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ASL Marine confirms support from banks, allays auditor’s insolvency concerns

ASL Marine confirms support from banks, allays auditor’s insolvency concerns
Beleaguered ASL Marine has updated shareholders that its bank creditors have continued to lend their support despite the breach of one covenant, and sought to allay an insolvency concern raised in an auditor’s report.

A stark outlook was expressed by auditor Ernst and Young that the OSV builder will face insolvency within the next 12 months in the event that the banks demand payments due from the commencement of the drawdown of a five-year club term loan facility from DBS Bank, United Overseas Bank (UOB) and Oversea-Chinese Banking Corp (OCBC). Due to the breach of one covenant as at 30 June 2017, the five-year loan technically becomes due and payable.

ASL Marine, however, clarified that the company has in fact received confirmation from its lenders that they are willing to waive, for one instance only, the breach of the covenant at the request of the group, subsequent to the financial year ended 30 June 2017.

“As the waiver was obtained subsequent to 30 June 2017, the group did not have an unconditional right to defer its settlement for at least 12 months after 30 June 2017,” ASL Marine stated.

The company explained that lenders have no intention to direct the facility agent to issue a default declaration or in respect of the breach, cancel or require an immediate repayment of the facility for the 12 months from 4 October 2017.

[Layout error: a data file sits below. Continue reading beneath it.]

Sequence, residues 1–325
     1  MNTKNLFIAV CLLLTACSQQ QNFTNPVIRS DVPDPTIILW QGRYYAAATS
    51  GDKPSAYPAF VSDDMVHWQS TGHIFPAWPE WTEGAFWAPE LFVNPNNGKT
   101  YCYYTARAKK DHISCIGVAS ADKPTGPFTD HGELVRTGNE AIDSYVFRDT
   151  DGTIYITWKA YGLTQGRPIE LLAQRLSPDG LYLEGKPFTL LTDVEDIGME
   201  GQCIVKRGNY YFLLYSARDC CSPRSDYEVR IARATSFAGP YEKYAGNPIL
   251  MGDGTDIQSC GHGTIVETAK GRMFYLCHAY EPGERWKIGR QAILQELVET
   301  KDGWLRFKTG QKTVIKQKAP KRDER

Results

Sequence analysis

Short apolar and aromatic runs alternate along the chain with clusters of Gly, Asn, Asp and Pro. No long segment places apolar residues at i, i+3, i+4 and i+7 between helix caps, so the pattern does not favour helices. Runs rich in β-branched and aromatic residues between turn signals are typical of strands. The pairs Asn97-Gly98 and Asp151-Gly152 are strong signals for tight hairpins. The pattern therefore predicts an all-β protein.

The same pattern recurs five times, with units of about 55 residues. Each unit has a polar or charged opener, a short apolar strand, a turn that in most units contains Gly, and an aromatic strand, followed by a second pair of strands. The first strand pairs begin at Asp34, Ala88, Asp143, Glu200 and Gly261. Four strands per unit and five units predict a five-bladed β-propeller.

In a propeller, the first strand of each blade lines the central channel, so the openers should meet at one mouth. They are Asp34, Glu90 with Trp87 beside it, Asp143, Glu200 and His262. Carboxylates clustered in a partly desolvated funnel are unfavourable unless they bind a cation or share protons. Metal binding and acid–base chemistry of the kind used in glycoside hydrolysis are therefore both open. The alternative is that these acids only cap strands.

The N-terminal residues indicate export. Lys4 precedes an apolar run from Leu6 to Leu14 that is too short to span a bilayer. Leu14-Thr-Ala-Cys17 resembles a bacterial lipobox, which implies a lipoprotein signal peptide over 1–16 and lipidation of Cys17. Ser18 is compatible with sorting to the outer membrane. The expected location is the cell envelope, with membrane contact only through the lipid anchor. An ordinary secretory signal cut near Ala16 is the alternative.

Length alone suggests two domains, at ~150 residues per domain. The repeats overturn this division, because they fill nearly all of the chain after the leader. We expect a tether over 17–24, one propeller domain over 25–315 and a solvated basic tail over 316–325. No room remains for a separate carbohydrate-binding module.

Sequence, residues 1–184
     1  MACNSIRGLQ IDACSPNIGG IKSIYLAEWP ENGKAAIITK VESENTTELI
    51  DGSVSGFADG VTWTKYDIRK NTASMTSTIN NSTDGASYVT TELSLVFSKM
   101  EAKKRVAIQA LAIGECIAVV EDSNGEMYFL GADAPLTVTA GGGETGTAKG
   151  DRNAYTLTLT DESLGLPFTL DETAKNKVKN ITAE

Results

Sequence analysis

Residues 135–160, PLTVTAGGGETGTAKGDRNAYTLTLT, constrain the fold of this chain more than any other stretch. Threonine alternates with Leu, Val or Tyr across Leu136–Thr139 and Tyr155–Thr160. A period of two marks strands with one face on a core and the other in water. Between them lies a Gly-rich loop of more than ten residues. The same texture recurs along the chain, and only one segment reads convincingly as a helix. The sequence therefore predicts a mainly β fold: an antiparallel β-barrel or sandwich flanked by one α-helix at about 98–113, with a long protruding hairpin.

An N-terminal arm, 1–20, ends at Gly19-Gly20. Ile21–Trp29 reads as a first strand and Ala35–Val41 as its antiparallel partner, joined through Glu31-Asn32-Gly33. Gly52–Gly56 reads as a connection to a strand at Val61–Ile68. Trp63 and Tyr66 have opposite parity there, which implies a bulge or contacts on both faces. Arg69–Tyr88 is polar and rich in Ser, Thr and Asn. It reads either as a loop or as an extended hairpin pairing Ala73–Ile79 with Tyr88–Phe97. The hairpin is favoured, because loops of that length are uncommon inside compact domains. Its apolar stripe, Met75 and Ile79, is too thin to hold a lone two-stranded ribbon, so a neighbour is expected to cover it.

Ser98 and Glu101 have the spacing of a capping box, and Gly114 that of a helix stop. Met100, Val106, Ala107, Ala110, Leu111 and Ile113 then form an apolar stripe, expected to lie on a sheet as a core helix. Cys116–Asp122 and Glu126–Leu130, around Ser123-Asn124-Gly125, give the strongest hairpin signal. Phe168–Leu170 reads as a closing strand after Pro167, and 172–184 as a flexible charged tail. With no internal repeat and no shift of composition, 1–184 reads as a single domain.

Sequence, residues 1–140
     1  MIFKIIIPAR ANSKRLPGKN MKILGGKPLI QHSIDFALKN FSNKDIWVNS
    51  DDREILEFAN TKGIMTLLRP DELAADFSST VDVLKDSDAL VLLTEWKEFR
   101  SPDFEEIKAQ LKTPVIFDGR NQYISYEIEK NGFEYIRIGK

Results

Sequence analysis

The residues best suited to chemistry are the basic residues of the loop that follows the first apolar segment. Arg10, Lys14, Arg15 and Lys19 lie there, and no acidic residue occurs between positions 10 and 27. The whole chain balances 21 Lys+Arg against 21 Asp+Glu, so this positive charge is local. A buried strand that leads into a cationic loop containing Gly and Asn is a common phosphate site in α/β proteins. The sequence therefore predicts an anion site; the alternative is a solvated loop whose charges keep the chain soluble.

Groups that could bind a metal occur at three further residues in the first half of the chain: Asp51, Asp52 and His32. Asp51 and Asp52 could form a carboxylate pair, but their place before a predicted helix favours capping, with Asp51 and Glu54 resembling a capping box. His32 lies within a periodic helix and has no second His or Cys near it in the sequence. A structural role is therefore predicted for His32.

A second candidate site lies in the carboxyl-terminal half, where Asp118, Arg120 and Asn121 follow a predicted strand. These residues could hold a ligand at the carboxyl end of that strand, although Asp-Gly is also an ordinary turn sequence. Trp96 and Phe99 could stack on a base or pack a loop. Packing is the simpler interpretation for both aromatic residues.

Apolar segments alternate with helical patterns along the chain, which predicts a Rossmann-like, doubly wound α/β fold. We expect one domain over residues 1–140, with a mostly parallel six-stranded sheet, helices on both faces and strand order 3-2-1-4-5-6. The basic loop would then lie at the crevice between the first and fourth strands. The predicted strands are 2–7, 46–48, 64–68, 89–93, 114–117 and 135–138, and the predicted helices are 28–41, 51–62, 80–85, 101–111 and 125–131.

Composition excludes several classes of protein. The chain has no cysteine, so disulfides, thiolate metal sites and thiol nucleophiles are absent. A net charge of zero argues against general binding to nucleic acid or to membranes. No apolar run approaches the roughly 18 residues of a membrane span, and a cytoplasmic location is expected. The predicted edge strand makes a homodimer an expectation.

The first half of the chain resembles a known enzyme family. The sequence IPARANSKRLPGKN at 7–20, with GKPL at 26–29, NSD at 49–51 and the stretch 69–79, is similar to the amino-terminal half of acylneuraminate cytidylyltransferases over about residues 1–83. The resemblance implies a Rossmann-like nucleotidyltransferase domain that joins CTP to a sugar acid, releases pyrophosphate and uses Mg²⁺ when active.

For its financial year ended 2017, the group’s total borrowings amounted to SGD549.5m ($405.8m), of which SGD235.75m was classified as current liabilities.

“The group’s loans and borrowings that are due for repayment in the next 12 months exceed its cash and bank balances as at 30 June 2017 of SGD36.14m,” ASL Marine said.

Last year, ASL Marine had successfully completed a restructuring involving a rights issue, a club deal, re-profiling, new facilities and deal with the bondholders.

“Whilst the restructuring has provided much needed headroom space, ASL Marine and the industry continue to face tough and very tough conditions,” the company said.

“This is evident by the fact that of the SGD71.7m loss (in FY2017), 50% of the loss of SGD53.9m arose from impairment losses, which in turn were largely due to falling value of vessels held as fixed assets and inventories.

“A further SGD18.4m or about 26% was due to provision on receivables. In other words 76% of the loss was essentially due to factors the company had little or no control over,” ASL Marine said.

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